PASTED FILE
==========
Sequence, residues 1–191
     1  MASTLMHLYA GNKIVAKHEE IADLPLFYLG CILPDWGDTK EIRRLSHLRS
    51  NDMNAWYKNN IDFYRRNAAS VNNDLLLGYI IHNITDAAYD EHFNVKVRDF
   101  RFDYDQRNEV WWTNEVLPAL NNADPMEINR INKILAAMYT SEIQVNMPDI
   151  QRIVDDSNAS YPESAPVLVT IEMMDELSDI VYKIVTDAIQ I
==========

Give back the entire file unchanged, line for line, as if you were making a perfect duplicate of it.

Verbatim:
Sequence, residues 1–191
     1  MASTLMHLYA GNKIVAKHEE IADLPLFYLG CILPDWGDTK EIRRLSHLRS
    51  NDMNAWYKNN IDFYRRNAAS VNNDLLLGYI IHNITDAAYD EHFNVKVRDF
   101  RFDYDQRNEV WWTNEVLPAL NNADPMEINR INKILAAMYT SEIQVNMPDI
   151  QRIVDDSNAS YPESAPVLVT IEMMDELSDI VYKIVTDAIQ I